Brett Hudson, The Tuscaloosa News
Published 2:03 p.m. ET May 22, 2020 | Updated 3:12 p.m. ET May 22, 2020
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Southeastern Conference schools will have athletes back on campus starting June 8.
The SEC announced Friday afternoon that member institutions are allowed to have athletes back on campus for voluntary workouts starting on that date, all under “strict supervision of designated university personnel and safety guidelines developed by each institution.” The SEC said in its release the intent is to begin a transition period that will allow athletes to gradually adapt to training and sports activity.
The SEC said the decision was made by the league’s Return to Activity and Medical Guidance Task Force, a cross-section of public health, infectious disease and sports medicine professionals from the 14 member institutions.
The action comes two days after the NCAA Division I Council voted to allow athletes in football, men’s basketball and women’s basketball to return to campus for voluntary workouts beginning June 1. The NCAA’s decision does not extend to other fall sports, such as volleyball and women’s soccer, which often start their seasons a few days before the football season.
“The safe and healthy return of our student-athletes, coaches, administrators and our greater university communities have been and will continue to serve as our guiding principle as we navigate this complex and constantly-evolving situation,” SEC commissioner Greg Sankey said in the release. “At this time, we are preparing to begin the fall sports season as currently scheduled, and this limited resumption of voluntary athletic activities on June 8 is an important initial step in that process.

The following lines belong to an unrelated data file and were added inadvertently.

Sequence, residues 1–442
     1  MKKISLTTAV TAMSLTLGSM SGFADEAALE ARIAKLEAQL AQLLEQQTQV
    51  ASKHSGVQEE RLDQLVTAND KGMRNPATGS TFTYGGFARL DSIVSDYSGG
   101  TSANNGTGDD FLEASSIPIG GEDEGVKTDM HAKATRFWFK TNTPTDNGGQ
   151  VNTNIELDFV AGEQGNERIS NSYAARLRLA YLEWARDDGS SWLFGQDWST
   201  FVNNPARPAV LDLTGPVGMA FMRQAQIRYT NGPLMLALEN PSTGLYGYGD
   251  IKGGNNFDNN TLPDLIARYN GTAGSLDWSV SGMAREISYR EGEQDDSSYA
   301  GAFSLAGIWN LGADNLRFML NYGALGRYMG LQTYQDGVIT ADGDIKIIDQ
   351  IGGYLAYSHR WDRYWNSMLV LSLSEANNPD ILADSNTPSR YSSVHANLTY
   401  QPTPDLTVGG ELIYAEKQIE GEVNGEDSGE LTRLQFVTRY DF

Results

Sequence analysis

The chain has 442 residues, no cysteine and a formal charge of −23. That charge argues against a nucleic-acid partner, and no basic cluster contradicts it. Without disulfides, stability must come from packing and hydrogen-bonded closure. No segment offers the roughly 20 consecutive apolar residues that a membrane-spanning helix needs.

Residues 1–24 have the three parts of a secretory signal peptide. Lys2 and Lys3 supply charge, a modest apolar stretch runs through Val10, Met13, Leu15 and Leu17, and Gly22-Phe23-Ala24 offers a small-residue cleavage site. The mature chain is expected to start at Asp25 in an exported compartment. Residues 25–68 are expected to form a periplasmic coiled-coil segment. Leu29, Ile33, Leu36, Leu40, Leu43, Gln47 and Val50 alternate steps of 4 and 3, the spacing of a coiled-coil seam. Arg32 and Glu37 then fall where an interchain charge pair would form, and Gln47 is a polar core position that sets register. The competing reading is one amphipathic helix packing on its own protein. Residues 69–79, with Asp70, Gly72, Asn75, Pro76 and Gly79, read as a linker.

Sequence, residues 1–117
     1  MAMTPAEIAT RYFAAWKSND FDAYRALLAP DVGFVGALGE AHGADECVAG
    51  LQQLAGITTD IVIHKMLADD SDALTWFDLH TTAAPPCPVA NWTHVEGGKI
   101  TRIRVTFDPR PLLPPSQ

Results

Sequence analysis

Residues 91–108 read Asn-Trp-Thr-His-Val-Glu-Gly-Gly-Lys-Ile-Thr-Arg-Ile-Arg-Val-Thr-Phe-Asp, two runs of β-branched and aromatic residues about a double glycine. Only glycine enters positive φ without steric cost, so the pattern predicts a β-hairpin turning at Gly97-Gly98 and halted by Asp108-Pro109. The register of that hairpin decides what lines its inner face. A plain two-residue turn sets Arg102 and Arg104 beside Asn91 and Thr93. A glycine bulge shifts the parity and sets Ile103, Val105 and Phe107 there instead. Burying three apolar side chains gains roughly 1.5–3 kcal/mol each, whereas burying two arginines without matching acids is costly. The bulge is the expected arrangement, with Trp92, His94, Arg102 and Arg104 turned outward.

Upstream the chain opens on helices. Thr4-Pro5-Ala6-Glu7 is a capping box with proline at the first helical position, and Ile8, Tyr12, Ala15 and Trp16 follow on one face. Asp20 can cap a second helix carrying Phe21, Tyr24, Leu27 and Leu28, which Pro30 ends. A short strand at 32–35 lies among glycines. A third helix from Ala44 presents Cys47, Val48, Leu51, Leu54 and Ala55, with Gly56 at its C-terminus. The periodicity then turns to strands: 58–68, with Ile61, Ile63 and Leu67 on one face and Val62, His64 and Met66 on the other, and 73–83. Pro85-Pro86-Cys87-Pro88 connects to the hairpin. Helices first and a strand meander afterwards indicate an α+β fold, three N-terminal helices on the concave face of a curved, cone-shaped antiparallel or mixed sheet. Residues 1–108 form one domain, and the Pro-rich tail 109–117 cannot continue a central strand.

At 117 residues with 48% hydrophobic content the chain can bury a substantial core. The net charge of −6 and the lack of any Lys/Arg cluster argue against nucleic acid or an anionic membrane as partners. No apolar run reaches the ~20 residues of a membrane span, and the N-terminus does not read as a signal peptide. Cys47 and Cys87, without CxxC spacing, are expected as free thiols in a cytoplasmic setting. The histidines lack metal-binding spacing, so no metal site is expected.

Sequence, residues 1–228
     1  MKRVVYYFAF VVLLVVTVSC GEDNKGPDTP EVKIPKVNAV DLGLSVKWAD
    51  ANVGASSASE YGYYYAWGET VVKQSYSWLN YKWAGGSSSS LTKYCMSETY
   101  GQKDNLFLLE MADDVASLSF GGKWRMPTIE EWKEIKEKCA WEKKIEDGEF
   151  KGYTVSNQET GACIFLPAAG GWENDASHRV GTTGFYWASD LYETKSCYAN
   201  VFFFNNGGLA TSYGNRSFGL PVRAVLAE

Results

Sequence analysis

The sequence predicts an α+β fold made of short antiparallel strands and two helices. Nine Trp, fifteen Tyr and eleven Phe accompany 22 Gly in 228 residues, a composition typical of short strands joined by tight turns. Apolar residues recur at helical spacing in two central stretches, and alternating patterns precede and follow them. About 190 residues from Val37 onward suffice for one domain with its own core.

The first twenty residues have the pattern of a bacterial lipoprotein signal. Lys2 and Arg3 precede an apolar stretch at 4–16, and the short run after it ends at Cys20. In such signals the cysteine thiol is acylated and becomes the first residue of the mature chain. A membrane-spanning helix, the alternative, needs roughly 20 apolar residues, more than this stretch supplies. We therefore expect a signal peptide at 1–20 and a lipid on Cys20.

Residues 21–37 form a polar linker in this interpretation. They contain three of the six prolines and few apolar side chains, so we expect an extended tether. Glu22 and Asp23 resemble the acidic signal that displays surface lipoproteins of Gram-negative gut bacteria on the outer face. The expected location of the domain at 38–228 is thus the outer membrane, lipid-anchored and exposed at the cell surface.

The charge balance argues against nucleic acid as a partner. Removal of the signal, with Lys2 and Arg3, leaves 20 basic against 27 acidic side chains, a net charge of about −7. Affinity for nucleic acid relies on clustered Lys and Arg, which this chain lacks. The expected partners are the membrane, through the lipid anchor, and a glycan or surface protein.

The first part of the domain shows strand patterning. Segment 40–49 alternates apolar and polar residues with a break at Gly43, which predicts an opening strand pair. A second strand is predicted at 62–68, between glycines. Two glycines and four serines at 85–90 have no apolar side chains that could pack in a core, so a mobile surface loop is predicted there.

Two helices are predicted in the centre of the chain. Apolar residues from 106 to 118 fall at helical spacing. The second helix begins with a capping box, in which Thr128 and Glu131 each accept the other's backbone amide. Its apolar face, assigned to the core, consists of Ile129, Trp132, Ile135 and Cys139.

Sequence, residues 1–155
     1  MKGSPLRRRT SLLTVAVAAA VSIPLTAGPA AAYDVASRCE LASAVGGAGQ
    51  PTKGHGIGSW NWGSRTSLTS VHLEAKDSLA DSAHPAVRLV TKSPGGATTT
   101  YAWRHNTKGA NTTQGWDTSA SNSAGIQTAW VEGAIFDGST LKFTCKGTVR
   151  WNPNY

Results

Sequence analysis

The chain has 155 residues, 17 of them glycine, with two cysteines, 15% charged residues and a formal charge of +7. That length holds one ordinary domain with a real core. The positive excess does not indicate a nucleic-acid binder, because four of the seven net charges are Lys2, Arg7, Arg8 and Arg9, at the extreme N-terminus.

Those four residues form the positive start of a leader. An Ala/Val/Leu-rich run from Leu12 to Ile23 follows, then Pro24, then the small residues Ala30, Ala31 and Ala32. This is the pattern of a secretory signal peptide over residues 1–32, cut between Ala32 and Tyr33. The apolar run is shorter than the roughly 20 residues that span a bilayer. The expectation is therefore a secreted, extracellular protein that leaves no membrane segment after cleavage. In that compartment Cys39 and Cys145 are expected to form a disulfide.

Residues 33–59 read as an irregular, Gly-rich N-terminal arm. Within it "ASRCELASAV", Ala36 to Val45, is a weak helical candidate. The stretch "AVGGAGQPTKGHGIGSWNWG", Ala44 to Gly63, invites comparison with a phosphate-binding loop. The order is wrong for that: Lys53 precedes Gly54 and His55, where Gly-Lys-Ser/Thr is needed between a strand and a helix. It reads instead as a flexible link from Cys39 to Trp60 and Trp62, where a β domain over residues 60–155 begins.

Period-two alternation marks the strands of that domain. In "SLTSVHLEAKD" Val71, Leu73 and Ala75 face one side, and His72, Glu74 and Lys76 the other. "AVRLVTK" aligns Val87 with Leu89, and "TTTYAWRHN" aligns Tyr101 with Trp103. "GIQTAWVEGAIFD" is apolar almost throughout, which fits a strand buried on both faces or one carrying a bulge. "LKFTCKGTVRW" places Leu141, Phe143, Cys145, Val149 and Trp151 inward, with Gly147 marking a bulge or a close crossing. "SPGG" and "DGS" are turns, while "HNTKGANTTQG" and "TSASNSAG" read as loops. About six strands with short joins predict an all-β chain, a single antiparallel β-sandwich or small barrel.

The announcement ends a moratorium on on-campus athletic activities that began March 12, when spring sports athletics were canceled, beginning with the SEC men’s basketball tournament and the first weekend of conference play in baseball. Five days later, all spring sports were canceled.
The task force gave schools a series of best practices for screening, testing, social distancing, cleaning and other practices to make on-campus facilities safe for athletes. In addition to those practices, the SEC recommended further education of all team members on health and wellness best practices, a three-stage screening process before athletes arrive on campus and testing and immediate isolation of symptomatic players.
In March, Alabama football coach Nick Saban said he hoped to use summer workouts as a way to replace spring practice.
“If there was a way we could have 14 days of teaching with our players sometime before fall camp happens, I think that probably would be beneficial,” Saban said. “Historicall,y we’re not allowed to work with our players in the summertime. This would be hypothetical that at some point in time in the summer, we would have the players back here and we would be able to work with them.
“I’m not talking about having pads on, but just be able to teach system, teach scheme. We’ll have to evaluate the players based on fall camp. I think the players who benefit the most from spring practice and having these (meetings) are really the young players on the team.”
The NCAA, however, limited current voluntary workouts to those led by strength and conditioning personnel.
LSU director of athletics Scott Woodward said on a teleconference last week — before the NCAA Division I Council’s action — that the school was preparing for a June 1 return and playing football on Labor Day weekend.